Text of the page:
1.1. Target audience
My initial envision of the product was something that can educate people on environmental problems happening in the Mekong. All of my stylistic references educate about something in some way. It can be abstract like courage, curiousity; about new points of view; or a tutorial to make something. Regardless of the topic, the way of conveying deep messages to young adults and adults, apparently, was much easier with a more varied style than to children, which requires more simple and detailed ways of explaining. (1)
In order to achieve success, my project should reach an audience that is, as my supervisor suggested, numerous enough, and are capable of making changes to the problem (2). As it’s proven that adult audience are less susceptible to education, the opportunity for education are more open only when they are intrigued by, ready for, and foreign to the knowledge. (3) The important of being foreign to the knowledge was confirmed from studies.
Familiarity with, for example, a type of animal or group of people, while aiding recognition, can actually impede communication if generality is the aim.
The Psychology of Illustration by Harvey A. Houghton, Dale M. Willows
Faculty feedback I received during the First Review strongly suggested communal participation and engaging their thoughts (4), which in turn reminds me of the attributes listed above. From my previous conceptualisation process, audience B and C (General Young Adults) clearly isn’t easy to have their minds open, while audience A (Children in Vietnam) are limited in capabilities.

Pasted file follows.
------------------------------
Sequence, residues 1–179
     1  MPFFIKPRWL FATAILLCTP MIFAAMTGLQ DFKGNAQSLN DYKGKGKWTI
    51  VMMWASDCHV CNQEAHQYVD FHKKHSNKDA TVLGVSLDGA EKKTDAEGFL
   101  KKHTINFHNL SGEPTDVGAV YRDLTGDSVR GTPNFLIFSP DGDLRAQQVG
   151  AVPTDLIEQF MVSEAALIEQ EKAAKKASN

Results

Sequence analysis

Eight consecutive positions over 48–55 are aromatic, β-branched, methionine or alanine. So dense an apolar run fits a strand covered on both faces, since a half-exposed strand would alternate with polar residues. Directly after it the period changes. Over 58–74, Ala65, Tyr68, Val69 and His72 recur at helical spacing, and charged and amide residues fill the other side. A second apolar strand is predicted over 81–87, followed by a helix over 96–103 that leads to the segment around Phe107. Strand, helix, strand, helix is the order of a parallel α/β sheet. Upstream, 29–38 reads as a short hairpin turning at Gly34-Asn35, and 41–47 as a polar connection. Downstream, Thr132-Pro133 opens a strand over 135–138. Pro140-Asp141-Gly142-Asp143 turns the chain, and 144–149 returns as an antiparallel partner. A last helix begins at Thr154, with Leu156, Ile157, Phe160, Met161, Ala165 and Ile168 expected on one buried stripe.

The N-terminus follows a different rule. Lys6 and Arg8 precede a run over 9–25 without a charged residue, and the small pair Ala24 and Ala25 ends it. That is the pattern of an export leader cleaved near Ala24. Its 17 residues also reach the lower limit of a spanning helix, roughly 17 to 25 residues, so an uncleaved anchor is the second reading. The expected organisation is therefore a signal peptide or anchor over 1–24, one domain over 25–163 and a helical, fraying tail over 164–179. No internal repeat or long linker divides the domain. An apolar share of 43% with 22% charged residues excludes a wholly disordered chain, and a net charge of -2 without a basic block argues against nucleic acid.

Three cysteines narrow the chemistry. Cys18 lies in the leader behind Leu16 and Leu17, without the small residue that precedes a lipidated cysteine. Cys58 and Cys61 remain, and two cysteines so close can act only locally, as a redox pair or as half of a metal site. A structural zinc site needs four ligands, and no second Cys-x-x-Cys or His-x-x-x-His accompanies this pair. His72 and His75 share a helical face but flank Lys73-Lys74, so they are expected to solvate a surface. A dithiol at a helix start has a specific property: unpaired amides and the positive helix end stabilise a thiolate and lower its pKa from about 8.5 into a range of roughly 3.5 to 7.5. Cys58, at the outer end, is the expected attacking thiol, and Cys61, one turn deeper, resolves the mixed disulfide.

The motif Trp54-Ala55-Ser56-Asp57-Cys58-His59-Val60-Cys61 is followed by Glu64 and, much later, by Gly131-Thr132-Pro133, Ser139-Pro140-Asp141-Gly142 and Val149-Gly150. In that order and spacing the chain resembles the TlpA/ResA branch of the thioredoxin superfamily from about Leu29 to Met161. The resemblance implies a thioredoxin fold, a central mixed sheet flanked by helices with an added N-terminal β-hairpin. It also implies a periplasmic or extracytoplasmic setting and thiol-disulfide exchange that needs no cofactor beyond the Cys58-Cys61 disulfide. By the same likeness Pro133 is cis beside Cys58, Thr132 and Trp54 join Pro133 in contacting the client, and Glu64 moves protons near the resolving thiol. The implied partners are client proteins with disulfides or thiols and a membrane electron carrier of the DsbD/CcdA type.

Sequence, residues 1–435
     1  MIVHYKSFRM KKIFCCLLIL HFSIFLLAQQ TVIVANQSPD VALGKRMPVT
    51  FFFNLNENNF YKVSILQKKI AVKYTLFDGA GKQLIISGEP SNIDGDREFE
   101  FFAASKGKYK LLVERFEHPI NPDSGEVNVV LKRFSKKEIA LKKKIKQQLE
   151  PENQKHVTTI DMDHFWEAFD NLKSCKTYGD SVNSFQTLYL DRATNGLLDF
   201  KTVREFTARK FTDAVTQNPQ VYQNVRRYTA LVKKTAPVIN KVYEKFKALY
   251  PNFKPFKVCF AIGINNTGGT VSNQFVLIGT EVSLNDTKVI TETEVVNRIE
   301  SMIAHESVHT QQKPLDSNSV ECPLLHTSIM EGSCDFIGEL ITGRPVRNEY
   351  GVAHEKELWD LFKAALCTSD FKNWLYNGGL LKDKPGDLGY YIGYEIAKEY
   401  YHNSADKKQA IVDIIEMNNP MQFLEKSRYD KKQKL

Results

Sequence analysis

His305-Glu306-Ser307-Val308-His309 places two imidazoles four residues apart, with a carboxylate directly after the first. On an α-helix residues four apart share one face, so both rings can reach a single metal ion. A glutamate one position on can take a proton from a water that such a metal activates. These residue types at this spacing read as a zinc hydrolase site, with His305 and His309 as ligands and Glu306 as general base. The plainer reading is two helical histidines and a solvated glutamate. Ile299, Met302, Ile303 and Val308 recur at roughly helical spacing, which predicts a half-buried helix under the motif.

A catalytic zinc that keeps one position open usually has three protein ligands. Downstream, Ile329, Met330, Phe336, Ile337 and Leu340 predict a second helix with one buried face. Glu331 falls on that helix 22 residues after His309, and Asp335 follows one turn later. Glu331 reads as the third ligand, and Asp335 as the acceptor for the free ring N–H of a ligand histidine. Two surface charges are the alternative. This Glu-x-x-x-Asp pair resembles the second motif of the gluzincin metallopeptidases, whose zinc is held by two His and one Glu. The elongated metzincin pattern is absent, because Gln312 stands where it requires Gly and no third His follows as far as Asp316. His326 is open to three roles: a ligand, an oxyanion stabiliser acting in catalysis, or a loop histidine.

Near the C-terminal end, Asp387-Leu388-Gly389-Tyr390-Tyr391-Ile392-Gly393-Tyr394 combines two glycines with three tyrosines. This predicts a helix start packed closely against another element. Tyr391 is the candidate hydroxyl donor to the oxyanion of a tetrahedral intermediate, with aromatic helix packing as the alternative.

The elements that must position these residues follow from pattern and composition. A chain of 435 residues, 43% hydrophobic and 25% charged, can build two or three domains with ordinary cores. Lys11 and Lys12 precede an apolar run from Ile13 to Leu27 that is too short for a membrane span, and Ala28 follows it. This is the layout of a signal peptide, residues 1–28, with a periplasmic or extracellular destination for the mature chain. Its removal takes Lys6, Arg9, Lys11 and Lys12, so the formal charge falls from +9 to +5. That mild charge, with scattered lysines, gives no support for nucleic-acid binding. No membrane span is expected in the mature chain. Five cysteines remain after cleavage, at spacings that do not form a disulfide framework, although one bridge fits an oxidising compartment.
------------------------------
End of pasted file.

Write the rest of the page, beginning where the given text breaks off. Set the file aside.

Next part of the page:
Still, a highlight from the feedback was a suggestion to direct the project toward foreigner tourist trails in the Mekong, which satisfies all (1)(2)(3) and (4). Although most of them are adults, they are considerably, if not totally, new to the culture and nature of the destination; and it was their intention to get to know the area through their trip. Besides, they only stay for a short period of time, so it’s important to give them a memento to create a long lasting effect that reminds them what they’ve learnt. Moreover, the audience always gets refreshed, which enforces the longevity of the product.
As requirements for project is now satisfied, it’s safe to conclude that tourists will be the final audience for the project, and the discussion will move on with the methodology and content.
As the target audience is tourists, the final product should be closely tied with tourism as well. There is a very good oportunity left open in the current tourism scene. Most Mekong river tours in Vietnam focus on the presence, sight, and what the tourists can experience at the moment. However, there is a lack of depth into it. Tourists don’t know how the river came about, how important it is to the people here and that what they were looking at at the moment might vanish in the next ten years. Besides, a search using the keyword “Mekong tourism” returned mostly images from Vietnam, which means there is a lack of such tours in other Mekong countries. Therefore, an illustration project that support educative tourism in Mekong will be able to fill the need and answer the promt from the faculty feedback, which made clear that I should identify a gap then no one has touch among a topic that has been so well-research like Mekong.
My intention is to design design an imaginary travel book series that can target either people who actually travel to the areas and people who want a trip sitting at home. The specific directions, however, need to answer there three questions:
How can it relate to tourism?
How can it emphasise environmental problems?
How can it engage audience’s thoughts?
Talking about a tour, the first thing that I would refer to, again, is Mekong Discovery by TFS, which also is my greatest inspiration for the project. Going from the river’s beginning — the permanent snow mountains in Tibet — to the nine outlets in Vietnam, the documentary depicts Mekong from top to toe in such a level of detail that makes it last 32 hours. Based on this, the first option is to divide the narrative into 6 books for 6 countries.